Endless, Nameless is Adam Cadre’s latest game. The surrounding text claims that it’s the relic of the bulletin board age, but anyone familiar with Adam’s oeuvre won’t be surprised to know there’s a bit more to it than a retro remake. There’s no way to write a substantive review without addressing the ways in which it takes a twist, though; it’s worth playing enough to find out just exactly how it’s going to be not what you think. So please consider giving it a try before reading on.
So, then. The game begins as a deliberately super-retro recreation of an early text adventure: cod fantasy that starts in a tavern, full of magic spells, incoherent worldbuilding and pointless anachronisms, easy to make unwinnable. There’s an inventory management system involving bulky encumbrances and a pocket that can hold lots of objects but doesn’t stash anything automatically. Trying to go through a door never auto-opens it, trying to open a door never auto-unlocks it, and if you want to manipulate anything you have to explicitly take it first. The whole ecosystem of implicit actions is gone, and you will miss it badly. There’s no conversation system, no giving or showing. There is randomized combat, though, and a hunger daemon (that mercifully doesn’t actually kill you), and a maze, and a big, pointlessly fiddly machine, of exactly the type that Adam has often complained about in games.
The trick is that the writing is good enough, and certain elements polished enough, that you know you are in competent hands anyway. This is no minor trick to pull off, but Adam achieves it.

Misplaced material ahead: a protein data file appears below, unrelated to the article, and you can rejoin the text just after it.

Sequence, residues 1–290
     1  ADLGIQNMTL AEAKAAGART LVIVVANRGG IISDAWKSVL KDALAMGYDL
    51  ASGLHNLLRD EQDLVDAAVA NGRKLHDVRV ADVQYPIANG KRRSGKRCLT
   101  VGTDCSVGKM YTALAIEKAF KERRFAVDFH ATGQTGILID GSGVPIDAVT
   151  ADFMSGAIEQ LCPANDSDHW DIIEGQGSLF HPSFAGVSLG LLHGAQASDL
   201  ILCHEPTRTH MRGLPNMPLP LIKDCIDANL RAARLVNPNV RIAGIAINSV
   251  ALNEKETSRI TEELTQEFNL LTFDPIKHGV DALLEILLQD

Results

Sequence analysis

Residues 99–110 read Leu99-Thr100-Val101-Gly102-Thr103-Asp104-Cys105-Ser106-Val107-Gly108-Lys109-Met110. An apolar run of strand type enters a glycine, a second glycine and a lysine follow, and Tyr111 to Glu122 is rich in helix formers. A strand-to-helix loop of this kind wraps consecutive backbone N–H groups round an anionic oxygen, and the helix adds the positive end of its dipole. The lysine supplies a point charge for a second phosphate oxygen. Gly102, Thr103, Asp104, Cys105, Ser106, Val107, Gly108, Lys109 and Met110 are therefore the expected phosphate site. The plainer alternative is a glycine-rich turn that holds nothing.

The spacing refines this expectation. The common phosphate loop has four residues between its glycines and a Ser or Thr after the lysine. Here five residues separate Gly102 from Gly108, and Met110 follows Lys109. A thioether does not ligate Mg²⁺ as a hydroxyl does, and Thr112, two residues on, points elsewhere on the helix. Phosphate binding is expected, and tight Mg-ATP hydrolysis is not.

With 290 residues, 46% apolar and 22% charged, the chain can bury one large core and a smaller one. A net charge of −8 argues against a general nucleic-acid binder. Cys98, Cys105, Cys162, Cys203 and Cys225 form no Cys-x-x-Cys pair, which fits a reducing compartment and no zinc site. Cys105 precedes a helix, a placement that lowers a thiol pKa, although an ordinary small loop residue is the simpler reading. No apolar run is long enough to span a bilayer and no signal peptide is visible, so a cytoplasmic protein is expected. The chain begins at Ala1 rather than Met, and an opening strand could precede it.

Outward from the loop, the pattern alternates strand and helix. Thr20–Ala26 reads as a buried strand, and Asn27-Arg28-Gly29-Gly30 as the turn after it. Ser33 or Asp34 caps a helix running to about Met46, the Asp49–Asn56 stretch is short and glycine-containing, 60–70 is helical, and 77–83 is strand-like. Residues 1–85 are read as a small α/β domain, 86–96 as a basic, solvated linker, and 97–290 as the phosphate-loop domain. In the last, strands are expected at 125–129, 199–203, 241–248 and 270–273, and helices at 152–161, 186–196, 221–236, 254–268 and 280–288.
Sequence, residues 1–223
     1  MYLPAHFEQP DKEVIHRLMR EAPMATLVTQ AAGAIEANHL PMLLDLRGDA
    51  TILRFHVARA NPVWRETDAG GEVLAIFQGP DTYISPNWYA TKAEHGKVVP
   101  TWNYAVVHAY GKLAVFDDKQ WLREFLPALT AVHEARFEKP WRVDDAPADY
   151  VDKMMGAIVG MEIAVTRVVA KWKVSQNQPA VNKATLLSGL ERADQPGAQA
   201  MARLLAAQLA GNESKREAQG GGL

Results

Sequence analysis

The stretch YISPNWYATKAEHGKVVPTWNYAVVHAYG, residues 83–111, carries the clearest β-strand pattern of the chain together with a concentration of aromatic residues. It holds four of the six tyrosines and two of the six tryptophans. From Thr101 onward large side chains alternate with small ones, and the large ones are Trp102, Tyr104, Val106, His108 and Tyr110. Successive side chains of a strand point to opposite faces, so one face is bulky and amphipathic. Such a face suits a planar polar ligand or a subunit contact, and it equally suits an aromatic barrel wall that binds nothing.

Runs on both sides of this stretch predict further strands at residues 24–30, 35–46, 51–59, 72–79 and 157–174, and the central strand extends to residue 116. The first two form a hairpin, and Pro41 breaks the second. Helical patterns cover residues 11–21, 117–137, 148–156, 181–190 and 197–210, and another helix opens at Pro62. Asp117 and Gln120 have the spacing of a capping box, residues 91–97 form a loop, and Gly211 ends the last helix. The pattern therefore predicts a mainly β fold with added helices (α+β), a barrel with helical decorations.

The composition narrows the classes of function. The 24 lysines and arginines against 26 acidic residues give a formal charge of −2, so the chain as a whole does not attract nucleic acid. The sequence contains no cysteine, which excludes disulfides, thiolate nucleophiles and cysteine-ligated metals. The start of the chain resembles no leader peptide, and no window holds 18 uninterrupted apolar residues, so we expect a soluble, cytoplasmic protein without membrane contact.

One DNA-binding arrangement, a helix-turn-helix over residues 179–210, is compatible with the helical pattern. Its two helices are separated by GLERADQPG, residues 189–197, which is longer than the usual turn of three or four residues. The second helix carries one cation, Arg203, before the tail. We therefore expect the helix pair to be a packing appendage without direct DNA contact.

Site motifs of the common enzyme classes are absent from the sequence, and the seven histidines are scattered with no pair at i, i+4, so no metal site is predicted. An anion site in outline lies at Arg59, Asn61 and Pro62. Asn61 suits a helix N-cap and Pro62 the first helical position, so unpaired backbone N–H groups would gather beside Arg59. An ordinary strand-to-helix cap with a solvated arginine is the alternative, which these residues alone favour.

The first time you die in this world — and it will likely not take that long — you are transported to another plane of existence. This plane is a vacation beach house implemented in excruciating detail (feel free to spend five turns examining carpet and wallpaper in the first room), but with significantly reduced potential. You can’t do anything dangerous. You can’t throw objects. You can’t kill yourself. You can talk to other characters. The implementation is now a parody of new-school IF, though, sadly, it looks like a not-very-good slice of life piece. In the new level, you meet other versions of yourself, other nameless adventurers who have previously tried your quest and given up. You can interact with them for a while. Some have hints about the retro game. When you’re ready, you return to the old-school game world and try again, using the knowledge you’ve gained.
Despite the sometime frustrations, the experience is really pretty good. The magic system is just about complicated enough to be interesting without being overwhelming. The spells are mostly named from verbs in Esperanto, for suitable almost-recognizability (with the exception of OVIDIO, which is presumably named for the author of the Metamorphoses). The Endless, Nameless spells are mostly a silly assortment, but, as in Graham Nelson’s Balances, they have a few cool interactions as well.
The inner game is unfair in various ways, not so much because solutions are really hard as because there are lots of ways to make things unwinnable, miss objects you had a narrow opportunity to acquire, to screw up a puzzle timing. Getting it all right will take many repetitions. But most of the time, the design hit just the right level of pleasurable frustration to remind me of what was fun about old-style puzzle games (yes, even about replaying them) without making me actually walk away. Most of the challenges are not really terribly hard, and with the hints from the framing story, most are pretty doable.
The beach house environment itself is almost puzzle free, by contrast, but it is full of in-jokey bits (books full of starting lines from Adam’s Lyttle Lytton contest, for instance, or — my personal favorite — randomized cocktails named after IF games).
Gradually as you move back and forth between levels, a broader story emerges. It concerns a game rewritten by multiple authors, not yet fully evolved; it is ultimately a story about the IF community’s struggle to elevate the state of the art, with most of the major characters recognizable as avatars of real people.